Catholic Vancouver Nov. 9, 2017

CEO explores possibilities of new tech in culture, faith, and education

By Agnieszka Ruck

Wilson Tang founded of Yumebau, a "cultural augmentation company," this summer. He will be speaking about new virtual and augmented reality technology Nov. 17. (Photo courtesy Wilson Tang)

VANCOUVER—The Catholic founder of a brand-new augmented and virtual reality company says the possibilities with new technology are endless.

“There’s a whole lot of technology that’s coming together, including display hardware, artificial intelligence, and game design, that allows people to experience virtual objects in the real world,” said Wilson Tang, CEO of Yumebau Inc.

Many people are familiar with Pokemon Go, a game that allowed users to find virtual objects in the real world. Tang hopes to take technology much, much further.

“There is potential for education as well as cultural tourism and religion,” he said. For example, not everyone has the physical or economic means to make a pilgrimage to the Holy Land. Through augmented and visual reality, “we’re able to bring these experiences to people wherever they are,” he said. “The potential is endless.”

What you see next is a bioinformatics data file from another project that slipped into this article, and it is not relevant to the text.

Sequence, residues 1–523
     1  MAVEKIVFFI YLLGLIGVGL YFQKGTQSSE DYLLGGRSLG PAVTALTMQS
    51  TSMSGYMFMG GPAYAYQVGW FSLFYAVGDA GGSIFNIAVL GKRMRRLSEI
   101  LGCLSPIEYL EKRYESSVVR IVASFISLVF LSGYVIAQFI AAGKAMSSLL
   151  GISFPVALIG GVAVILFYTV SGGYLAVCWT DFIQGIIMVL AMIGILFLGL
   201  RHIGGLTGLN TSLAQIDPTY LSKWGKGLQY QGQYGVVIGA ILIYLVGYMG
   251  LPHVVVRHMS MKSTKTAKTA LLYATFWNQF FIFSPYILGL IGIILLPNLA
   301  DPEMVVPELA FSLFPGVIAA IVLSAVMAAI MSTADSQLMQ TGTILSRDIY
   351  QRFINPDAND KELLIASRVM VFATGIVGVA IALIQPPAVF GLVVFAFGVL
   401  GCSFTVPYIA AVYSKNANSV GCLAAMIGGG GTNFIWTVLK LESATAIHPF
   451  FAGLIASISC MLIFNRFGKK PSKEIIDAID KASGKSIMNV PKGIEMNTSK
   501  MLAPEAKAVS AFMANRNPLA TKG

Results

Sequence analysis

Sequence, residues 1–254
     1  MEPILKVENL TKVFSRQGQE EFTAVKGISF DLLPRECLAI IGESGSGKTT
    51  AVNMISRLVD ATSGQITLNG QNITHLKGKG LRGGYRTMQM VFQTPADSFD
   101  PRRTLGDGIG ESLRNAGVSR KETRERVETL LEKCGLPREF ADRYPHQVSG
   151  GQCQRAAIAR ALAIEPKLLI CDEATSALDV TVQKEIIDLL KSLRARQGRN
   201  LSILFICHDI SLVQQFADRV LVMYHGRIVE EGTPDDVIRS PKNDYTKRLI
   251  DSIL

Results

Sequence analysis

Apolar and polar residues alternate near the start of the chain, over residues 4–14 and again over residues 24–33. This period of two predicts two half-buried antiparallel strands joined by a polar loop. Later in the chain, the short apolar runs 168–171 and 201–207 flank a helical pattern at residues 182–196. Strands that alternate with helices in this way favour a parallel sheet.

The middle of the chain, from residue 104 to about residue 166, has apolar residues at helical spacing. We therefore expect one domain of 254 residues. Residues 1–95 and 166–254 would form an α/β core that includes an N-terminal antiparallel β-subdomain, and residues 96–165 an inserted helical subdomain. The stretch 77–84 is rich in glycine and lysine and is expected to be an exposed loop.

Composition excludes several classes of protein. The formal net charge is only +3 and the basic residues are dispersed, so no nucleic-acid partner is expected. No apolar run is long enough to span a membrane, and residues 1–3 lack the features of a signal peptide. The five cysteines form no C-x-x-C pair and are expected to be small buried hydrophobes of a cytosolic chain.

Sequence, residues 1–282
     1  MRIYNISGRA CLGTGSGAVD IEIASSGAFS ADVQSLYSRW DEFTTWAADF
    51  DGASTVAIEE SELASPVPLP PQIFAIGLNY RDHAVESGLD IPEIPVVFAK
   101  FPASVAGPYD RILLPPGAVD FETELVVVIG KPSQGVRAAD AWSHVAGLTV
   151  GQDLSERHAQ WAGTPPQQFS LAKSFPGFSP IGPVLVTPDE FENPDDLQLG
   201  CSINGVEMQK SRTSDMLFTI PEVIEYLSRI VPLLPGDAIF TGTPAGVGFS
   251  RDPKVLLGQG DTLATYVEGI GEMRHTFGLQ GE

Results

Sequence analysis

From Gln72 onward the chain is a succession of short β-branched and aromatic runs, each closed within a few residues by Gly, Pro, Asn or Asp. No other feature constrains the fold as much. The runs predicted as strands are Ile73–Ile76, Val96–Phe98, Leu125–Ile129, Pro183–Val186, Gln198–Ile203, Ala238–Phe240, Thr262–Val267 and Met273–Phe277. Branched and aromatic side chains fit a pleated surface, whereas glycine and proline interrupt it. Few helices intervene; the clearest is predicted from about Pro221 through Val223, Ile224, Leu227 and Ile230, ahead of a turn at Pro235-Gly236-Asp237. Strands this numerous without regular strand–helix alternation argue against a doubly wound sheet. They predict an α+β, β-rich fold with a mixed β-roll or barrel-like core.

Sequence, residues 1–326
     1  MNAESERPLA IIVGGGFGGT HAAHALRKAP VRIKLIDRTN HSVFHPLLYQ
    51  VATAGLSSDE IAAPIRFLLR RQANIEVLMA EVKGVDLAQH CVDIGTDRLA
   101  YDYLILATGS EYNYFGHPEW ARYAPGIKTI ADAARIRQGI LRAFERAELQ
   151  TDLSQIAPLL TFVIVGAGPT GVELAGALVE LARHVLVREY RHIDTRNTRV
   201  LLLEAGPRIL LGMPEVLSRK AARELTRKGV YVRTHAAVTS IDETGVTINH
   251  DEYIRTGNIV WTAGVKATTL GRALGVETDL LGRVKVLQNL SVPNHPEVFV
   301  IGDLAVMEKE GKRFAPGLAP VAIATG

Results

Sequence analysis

Tang founded Yumebau this summer. He’s excited to explore ways to use brand-new technology to inform, educate, and inspire, especially when it comes to students in the Catholic school system.

“We can reach a whole new generation of students and kids who are used to using these very compelling things, like video games or augmented reality. It can teach them the Bible but also any subject, like physics or mathematics.”

This concept image shows how virtual reality technology can look. (Photo courtesy Wilson Tang)

Tang, who has worked for EA Games and co-founded entertainment company Kabam, admits virtual reality technology can be used for good, for ill, or as a distraction from real life.

“I am looking for some way to use this media for something of value, not just a distraction,” said Tang. “I’m proud of my work and I love movies and games, but with this I’m hoping to do something different.”

Tang will be the featured speaker at a meet and greet at the John Paul II Pastoral Centre Nov. 17. The event is hosted by Catholic Creators, a network of professional writers, photographers, designers, and other creatives.

“I’m hoping people will see this new medium for what it can be,” said Tang.

The free event is open to anyone. More information and registration is at